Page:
posted on Apr, 3 2010 @ 09:41 PM
Ok, I think this thread got off course a little bit. Thanks to those (on both sides of the argument) who have enlightened me on the tax issue....I do
appreciate your input.
However, the legality of the tax code was not my main point. As I said in one of my arguments, I wasn't sure if the tax system was truly
constitutional or not. So, for the sake of argument, let's say the IRS and the current income tax is 100% legal.
My point about starting this thread is that not paying taxes would be an example of PEACEFUL CIVIL DISOBEDIENCE. I would like to that debated here,
more than the tax legality issue.
In the past, I have never had a problem paying taxes, because I know that taxes pays for fire, police, schools, civil defense, etc... And further
more, I know full well that not paying taxes (i.e. doing something illegal) would be something that could put me in jail.
However, there comes a point when every person has to ask: what am I willing to do for my country?
Am I willing to kill? No.
Am I willing to write and call and fax my congressman and senators? Yes, and I do all the time, but it doesn't work. (God knows, I've tried!)
Am I willing to protest? Yes, but it seems that protesters are not being heard these days...they are being ridiculed and vilified on national TV, and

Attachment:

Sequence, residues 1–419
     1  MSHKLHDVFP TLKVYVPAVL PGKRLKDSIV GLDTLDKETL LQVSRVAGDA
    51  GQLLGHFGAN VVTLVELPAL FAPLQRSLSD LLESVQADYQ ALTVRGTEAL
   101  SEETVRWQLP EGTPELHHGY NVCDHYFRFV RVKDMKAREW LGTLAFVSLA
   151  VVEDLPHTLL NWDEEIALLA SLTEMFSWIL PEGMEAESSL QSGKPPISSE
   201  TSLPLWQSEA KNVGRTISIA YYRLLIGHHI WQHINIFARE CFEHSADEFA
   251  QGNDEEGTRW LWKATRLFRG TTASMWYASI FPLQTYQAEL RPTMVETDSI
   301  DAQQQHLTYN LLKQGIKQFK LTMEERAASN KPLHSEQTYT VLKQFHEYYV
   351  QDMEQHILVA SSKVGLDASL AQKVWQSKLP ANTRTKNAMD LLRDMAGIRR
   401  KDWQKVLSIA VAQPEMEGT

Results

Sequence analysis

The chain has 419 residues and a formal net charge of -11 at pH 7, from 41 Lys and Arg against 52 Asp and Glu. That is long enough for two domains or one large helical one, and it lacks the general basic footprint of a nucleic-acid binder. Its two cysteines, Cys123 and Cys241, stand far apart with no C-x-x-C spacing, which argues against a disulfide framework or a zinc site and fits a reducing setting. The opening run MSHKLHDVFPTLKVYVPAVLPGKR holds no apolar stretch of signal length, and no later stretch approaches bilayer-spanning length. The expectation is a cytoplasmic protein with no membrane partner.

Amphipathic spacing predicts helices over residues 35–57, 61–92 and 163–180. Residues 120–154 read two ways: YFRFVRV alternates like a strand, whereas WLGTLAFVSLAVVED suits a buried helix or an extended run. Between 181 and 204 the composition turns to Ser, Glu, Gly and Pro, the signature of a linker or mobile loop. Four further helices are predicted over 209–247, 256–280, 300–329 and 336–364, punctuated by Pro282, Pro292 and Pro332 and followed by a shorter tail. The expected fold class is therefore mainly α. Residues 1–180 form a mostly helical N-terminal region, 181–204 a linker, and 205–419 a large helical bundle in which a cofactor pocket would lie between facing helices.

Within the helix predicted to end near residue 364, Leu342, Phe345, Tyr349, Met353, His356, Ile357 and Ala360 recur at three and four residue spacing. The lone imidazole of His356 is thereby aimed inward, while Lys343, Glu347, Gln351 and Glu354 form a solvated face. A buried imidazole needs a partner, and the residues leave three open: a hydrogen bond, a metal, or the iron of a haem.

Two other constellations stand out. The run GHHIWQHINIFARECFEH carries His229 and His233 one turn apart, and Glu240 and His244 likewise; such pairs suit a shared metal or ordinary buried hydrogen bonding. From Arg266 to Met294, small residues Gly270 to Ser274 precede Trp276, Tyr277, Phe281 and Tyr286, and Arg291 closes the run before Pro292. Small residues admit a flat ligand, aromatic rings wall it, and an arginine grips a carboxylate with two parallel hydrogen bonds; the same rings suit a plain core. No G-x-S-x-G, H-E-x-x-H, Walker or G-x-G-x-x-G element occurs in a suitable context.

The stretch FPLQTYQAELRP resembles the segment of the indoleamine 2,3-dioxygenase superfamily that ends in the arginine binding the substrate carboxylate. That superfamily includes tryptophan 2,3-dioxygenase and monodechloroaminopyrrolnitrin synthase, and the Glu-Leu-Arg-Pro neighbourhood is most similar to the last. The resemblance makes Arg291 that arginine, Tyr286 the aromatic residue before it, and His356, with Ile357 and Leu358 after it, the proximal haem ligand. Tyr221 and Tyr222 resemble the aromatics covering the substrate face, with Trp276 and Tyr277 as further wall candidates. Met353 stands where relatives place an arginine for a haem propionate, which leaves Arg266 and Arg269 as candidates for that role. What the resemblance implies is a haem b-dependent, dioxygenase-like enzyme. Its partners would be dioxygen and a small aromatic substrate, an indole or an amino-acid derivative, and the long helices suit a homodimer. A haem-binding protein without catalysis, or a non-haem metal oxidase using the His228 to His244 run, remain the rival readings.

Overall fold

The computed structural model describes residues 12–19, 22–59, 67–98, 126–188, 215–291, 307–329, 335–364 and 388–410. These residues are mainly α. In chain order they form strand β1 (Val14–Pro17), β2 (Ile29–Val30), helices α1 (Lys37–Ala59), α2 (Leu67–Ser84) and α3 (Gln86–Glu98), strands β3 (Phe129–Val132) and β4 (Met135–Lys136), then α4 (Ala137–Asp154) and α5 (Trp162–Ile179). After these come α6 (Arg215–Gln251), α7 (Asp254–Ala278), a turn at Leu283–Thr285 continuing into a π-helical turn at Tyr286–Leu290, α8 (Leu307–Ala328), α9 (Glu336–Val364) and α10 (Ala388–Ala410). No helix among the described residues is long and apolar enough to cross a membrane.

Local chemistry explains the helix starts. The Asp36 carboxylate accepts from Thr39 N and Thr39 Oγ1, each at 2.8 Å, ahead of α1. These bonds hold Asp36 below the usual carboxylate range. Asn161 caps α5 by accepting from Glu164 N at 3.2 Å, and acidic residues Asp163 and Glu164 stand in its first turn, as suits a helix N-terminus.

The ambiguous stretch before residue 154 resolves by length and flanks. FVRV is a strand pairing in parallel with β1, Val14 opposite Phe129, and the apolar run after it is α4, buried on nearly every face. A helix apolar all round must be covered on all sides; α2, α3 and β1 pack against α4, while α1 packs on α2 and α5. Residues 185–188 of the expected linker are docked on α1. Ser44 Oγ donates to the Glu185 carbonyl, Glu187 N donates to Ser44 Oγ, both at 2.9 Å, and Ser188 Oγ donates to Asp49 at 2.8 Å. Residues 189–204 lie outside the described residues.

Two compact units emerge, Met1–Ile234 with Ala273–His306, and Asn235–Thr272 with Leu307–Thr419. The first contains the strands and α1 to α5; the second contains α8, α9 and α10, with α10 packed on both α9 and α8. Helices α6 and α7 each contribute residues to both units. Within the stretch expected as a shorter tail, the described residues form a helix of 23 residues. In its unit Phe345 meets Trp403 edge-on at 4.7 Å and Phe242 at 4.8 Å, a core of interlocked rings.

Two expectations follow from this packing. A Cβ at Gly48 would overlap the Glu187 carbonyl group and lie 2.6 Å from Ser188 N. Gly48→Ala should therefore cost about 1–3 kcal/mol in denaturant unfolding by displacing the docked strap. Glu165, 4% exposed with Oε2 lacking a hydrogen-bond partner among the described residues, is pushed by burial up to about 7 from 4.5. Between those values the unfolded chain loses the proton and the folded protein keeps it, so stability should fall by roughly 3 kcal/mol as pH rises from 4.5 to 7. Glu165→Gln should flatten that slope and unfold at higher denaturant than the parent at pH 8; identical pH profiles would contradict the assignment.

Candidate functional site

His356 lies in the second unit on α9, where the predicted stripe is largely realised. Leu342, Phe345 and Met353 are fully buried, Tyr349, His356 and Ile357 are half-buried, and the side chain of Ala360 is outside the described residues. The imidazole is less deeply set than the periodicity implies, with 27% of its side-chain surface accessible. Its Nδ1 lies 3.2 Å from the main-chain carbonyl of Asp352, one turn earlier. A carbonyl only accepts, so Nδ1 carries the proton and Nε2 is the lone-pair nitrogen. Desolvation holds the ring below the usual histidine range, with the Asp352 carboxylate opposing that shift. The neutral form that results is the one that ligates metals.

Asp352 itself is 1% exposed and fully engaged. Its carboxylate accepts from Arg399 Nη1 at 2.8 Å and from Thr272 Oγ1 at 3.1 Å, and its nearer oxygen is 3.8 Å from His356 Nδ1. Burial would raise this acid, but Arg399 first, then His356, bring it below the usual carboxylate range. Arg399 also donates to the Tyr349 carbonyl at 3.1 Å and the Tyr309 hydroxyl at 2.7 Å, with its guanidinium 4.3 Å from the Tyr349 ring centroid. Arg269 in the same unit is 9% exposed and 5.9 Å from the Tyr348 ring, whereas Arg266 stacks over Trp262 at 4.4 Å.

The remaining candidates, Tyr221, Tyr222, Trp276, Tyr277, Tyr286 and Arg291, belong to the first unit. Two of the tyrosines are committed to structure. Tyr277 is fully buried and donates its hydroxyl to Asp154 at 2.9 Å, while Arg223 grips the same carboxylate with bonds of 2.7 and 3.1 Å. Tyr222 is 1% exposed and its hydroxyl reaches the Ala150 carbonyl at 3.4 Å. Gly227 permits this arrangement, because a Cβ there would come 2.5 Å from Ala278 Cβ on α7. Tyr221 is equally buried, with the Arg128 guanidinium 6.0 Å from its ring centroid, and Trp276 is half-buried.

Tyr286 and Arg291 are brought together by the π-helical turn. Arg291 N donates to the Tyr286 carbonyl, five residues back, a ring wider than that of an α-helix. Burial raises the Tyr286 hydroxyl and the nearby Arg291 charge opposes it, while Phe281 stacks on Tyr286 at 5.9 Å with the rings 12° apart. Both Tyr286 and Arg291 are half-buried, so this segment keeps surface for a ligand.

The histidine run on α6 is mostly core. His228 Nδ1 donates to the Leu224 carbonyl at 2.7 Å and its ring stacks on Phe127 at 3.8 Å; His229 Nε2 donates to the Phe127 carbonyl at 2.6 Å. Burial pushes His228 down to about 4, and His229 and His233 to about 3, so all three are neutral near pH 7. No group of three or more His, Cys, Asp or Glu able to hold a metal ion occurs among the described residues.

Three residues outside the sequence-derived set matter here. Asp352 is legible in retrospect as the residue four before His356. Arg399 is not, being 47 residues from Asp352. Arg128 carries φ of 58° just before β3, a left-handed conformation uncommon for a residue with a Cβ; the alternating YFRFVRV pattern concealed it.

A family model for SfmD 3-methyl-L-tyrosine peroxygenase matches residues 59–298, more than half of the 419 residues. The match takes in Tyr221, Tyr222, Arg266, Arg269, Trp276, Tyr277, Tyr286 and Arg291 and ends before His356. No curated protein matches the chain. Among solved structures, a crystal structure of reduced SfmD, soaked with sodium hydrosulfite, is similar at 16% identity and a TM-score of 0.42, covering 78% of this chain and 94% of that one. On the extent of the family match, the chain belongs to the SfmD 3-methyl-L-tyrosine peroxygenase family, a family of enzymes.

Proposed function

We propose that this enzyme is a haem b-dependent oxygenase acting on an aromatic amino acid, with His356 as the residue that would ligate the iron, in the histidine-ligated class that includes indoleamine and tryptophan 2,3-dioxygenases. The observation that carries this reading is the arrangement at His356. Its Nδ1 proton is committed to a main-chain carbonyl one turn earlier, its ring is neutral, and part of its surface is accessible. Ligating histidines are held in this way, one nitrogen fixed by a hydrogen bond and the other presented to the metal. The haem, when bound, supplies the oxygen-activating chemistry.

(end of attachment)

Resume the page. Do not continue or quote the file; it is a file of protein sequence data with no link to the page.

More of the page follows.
I really don't want to be vilified on national TV for speaking up.
So, what is left? Peaceful civil disobedience, or violence. I will not choose violence, so I may choose civil disobedience. And, a tax revolt would be
my preferred method of peaceful civil disobedience.
And, peaceful civil disobedience works. Look at Ghandi. Look at MLK and the civil rights movement. They got changes made. Did they have to break the
law to do it? Yes. Did they get arrested? Hell yes, many did, many times.
For example, it was illegal for black people to sit at the lunch counter in Mississippi, but they sat down anyway. And they got arrested. It was
illegal for black people to ride in the front of the bus in Alabama, but Rosa Parks did it anyway. And she got arrested.
But as they found out in the days of the civil rights....how many people could they arrest in one day for sitting down at lunch counters? How many
people could they arrest for refusing to ride in the back of the bus? How many people could they arrest for signing others up to vote, as was their
I am not saying that not paying taxes wouldn't get me arrested. But if enough people decided to stage a tax revolt, how many Americans could they put
in jail? THAT was my point. A tax revolt would give us leverage, just like the civil rights movement did.
Think of it as the "taxpayer rights movement", if you will.
After a while, if the numbers of tax revolters got so great, that they couldn't continue to ignore us. THAT was my point. I'm sorry I brought up
the legality of the tax system. I should have left that argument out. Whether it is legal, or whether it is not legal, doesn't really matter, I
Because what really matters is if I am willing to do something civilly disobedient, as a way of protest.
[edit on 3-4-2010 by nikiano]